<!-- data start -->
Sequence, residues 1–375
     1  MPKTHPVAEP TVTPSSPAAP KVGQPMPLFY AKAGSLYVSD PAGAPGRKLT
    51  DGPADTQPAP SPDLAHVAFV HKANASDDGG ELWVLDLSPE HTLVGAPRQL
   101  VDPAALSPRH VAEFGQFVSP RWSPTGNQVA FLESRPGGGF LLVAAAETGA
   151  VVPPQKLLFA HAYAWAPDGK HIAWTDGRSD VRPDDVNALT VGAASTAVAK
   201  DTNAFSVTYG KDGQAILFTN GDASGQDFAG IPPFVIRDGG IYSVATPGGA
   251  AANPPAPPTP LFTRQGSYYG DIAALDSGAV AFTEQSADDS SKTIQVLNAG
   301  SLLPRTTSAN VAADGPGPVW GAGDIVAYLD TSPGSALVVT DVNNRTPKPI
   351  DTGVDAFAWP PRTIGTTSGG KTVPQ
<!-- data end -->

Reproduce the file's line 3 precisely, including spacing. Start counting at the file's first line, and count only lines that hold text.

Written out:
    51  DGPADTQPAP SPDLAHVAFV HKANASDDGG ELWVLDLSPE HTLVGAPRQL